“Despite the 1854 treaty that set aside 101,000 acres of land exclusively for the Fond du Lac Reservation, homesteaders and others were wrongly allowed to settle on this land — much of which was then later forfeited to the county for non-payment of taxes,” Nolan said during a December speech on the House floor.
“The result today is a checkerboard of ownership that significantly limits both the band’s and the county’s ability to effectively manage lands they both control.”
The Star Tribune could not immediately reach Fond du Lac chairwoman Karen Diver for comment.
Days after Democratic U.S. Rep. Collin Peterson made it official that he’s running for Congress again, the National Republican Congressional Committee is welcoming him to the race with an Affordable Care Act attack ad.
The spot features Willmar hardware store owner Randy Czarnetzki, who says President Obama’s health care law “threatens the future of my business.” Willmar is in the state’s Seventh Congressional District, which Peterson represents.
“It’s hard enough to succeed in small business but with all the taxes and regulations that we have to deal with on a regular basis it even makes it more difficult," Czarnetzki says. “The fact that Collin Peterson recently voted to keep Obamacare threatens the future of my business.”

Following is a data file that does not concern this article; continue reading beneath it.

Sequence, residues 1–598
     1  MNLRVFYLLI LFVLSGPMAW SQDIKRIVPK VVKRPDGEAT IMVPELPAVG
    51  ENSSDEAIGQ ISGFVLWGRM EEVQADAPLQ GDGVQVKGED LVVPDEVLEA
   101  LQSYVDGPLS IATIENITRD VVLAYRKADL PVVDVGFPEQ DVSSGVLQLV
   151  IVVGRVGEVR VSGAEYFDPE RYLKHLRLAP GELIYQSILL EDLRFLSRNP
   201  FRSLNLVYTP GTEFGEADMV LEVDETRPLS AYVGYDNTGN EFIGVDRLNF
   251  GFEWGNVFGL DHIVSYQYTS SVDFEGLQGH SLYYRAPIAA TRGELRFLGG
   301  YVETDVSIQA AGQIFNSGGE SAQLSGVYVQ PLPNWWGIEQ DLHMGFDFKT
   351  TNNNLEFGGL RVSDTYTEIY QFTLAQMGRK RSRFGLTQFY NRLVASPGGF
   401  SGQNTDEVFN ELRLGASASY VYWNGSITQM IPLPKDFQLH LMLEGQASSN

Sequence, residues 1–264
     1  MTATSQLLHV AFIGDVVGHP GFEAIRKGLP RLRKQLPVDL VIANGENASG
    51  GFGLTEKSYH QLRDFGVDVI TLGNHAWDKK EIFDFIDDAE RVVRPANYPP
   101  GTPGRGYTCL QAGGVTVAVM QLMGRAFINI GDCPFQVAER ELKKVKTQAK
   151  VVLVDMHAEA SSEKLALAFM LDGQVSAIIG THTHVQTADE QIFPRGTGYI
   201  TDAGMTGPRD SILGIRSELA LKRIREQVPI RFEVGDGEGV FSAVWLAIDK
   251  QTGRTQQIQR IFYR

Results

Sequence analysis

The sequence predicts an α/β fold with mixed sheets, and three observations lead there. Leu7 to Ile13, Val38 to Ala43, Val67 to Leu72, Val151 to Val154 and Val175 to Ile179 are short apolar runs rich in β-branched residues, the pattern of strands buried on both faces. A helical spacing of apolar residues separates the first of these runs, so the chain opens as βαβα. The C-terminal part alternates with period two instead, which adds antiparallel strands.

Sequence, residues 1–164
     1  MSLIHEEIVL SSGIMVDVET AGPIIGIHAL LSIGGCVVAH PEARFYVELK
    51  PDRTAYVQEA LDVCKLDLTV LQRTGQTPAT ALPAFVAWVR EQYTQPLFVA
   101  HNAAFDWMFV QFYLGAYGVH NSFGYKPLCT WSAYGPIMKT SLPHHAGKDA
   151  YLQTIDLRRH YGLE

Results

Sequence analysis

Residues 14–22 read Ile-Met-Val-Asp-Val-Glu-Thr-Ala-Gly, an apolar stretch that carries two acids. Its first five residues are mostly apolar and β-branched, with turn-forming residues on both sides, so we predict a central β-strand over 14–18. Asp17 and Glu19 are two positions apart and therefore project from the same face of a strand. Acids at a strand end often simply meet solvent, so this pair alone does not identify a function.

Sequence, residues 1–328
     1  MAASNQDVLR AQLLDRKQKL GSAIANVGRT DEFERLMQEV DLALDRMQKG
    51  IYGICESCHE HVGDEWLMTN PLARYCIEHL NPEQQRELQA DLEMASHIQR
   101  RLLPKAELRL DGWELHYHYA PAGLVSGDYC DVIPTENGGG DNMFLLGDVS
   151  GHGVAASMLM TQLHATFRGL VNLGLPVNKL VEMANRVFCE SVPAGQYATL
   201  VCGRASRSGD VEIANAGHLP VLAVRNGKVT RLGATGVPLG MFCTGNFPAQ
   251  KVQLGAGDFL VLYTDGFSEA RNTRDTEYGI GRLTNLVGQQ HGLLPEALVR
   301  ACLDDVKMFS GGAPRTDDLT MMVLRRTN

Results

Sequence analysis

Peterson has not been a wholesale opponent or supporter of the law. The conservative Democrat voted against the Affordable Care Act when it passed the House in 2010.
In the years since, he has voted against Republican legislation designed to repeal or defund the law. But he has supported GOP-backed bills that would delay the tax penalty Americans will pay under the healthcare law if they decline to sign up for coverage this year.
In a statement issued by his campaign, Peterson said: "I voted against Obamacare and would again if it was the same bill. Outside money, the NRCC, and super PACs are trying to hijack the election from the local people, and as one of my constituents said last week, 'don't worry about it, the people of the 7th district are smarter than that'."
The NRCC’s $50,000 ad buy and will run in the Fargo-Moorhead and Twin Cities media markets over the next three weeks. In a statement, group spokeswoman Andrea Bozek said that “After 23 years in Washington, Collin Peterson has lost touch with the needs of Minnesota small businesses and families.”
The campaign arm of House Republicans, the NRCC has been running anti-Peterson ads for the better part of a year.